Okazaki--Yahagi Bridge, c. 1832-1833

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Running along the Pacific coastline, the Tōkaidō road was interrupted by many rivers. But there were only a few bridges. This was partly because builders lacked the expertise to construct bridges that could withstand frequent floods. Another reason was that rivers were effective natural barriers. Fording a swift waterway would thwart enemy troops marching toward the government stronghold in Edo. Yahagi bridge, spanning some 1250 feet, was therefore exceptional, and no doubt astonishing to travelers.

This composition includes a view of Okazaki castle, the birthplace of Tokugawa Ieyasu, founder of the Tokugawa shogunate, which ruled Japan from 1603 until 1867. After Ieyasu’s death and deification, the castle was considered sacred, and only high-ranking lords with close connections to the Tokugawa family were appointed to occupy it. Perhaps that was why the government allowed the impressive bridge to be constructed. Hiroshige’s print shows a feudal lord’s procession making its way across the bridge en route to the castl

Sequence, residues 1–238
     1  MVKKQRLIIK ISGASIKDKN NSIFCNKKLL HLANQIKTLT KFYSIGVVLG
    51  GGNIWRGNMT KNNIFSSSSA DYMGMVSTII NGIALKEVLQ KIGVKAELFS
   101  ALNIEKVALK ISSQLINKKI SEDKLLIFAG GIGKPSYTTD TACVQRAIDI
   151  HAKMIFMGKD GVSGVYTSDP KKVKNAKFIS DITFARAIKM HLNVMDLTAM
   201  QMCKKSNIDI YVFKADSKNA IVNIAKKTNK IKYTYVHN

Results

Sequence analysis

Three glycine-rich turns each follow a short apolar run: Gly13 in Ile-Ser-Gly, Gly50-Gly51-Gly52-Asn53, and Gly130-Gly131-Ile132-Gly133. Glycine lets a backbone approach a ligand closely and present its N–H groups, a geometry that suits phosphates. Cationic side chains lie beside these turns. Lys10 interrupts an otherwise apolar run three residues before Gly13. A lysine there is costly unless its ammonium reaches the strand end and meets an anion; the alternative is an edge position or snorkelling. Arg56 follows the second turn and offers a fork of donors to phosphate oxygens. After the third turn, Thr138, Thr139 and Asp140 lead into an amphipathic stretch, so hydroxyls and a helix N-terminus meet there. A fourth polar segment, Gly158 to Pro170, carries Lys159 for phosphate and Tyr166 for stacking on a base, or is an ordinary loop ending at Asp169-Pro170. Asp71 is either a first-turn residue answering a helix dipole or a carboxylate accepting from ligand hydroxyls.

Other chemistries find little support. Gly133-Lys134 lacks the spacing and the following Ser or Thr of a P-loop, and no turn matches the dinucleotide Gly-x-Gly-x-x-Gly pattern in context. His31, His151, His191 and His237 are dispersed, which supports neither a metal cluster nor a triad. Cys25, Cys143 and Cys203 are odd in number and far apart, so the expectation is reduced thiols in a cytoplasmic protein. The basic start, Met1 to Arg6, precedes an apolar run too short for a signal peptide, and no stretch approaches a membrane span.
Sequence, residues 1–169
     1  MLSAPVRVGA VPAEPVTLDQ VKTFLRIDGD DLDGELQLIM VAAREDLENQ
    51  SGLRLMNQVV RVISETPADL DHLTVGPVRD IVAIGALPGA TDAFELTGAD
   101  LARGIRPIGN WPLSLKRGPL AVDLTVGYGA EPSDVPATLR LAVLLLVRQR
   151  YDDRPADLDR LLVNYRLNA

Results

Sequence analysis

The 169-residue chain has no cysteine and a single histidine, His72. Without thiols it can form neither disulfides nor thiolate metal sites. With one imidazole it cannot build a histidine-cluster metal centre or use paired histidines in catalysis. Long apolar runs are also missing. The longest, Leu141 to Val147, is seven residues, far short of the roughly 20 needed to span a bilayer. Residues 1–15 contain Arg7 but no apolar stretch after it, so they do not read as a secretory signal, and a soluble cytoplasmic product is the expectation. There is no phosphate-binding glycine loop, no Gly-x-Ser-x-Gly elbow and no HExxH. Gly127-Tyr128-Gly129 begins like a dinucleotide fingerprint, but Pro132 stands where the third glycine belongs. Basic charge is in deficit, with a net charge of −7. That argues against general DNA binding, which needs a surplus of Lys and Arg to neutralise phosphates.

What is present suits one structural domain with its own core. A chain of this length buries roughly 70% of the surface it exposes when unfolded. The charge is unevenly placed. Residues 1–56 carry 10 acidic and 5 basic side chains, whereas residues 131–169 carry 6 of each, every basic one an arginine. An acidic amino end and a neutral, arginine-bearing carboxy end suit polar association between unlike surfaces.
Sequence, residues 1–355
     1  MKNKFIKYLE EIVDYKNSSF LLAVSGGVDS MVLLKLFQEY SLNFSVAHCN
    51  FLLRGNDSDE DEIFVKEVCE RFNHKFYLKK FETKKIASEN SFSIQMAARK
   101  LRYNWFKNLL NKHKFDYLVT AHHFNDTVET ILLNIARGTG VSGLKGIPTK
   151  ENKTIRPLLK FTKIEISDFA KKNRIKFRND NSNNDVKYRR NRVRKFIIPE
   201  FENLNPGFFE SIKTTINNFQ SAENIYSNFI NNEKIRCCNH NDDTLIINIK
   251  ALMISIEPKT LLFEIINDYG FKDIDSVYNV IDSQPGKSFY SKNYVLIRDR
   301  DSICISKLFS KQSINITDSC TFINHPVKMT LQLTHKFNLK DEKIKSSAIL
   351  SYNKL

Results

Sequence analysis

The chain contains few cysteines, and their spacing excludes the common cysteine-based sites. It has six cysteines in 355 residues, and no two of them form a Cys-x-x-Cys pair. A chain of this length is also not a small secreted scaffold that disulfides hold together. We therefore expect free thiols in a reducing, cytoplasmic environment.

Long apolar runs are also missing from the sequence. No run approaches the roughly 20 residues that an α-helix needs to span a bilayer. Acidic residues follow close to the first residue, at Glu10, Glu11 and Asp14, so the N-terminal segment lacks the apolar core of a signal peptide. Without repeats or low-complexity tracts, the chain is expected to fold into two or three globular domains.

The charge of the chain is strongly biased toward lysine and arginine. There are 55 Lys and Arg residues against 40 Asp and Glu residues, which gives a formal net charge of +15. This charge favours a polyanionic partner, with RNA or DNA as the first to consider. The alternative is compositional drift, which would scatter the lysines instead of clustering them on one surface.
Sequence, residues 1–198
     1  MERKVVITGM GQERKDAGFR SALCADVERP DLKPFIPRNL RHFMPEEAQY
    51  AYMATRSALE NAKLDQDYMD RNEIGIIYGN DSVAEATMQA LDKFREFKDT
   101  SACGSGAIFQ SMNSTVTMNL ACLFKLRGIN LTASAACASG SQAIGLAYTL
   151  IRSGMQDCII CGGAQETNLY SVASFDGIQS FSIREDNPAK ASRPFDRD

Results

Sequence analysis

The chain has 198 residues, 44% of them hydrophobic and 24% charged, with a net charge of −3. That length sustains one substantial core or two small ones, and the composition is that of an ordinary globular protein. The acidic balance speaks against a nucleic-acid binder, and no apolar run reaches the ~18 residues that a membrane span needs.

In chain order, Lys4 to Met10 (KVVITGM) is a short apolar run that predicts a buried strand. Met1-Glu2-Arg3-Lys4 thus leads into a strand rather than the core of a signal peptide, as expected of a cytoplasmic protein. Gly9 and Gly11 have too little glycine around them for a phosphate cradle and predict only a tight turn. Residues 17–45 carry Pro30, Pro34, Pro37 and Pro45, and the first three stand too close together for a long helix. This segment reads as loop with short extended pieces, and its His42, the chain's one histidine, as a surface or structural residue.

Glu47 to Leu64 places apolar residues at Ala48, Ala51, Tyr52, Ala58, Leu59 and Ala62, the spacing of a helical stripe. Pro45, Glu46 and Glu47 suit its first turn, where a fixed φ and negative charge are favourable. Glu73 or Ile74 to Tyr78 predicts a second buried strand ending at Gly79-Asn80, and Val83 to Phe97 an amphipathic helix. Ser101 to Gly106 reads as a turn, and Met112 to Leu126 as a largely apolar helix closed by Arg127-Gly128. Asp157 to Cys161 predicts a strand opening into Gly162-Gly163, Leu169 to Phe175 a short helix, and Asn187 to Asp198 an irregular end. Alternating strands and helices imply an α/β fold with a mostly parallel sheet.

Okazaki--Yahagi Bridge
Artist Life
1797 - 1858
Accession Number
Curator Approved

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